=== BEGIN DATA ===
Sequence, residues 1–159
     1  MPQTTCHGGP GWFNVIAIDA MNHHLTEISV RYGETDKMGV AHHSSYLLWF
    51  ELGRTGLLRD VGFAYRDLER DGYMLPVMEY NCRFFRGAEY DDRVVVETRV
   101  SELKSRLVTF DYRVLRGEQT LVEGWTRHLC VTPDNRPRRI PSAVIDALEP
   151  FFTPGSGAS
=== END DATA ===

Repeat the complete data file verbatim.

Sequence, residues 1–159
     1  MPQTTCHGGP GWFNVIAIDA MNHHLTEISV RYGETDKMGV AHHSSYLLWF
    51  ELGRTGLLRD VGFAYRDLER DGYMLPVMEY NCRFFRGAEY DDRVVVETRV
   101  SELKSRLVTF DYRVLRGEQT LVEGWTRHLC VTPDNRPRRI PSAVIDALEP
   151  FFTPGSGAS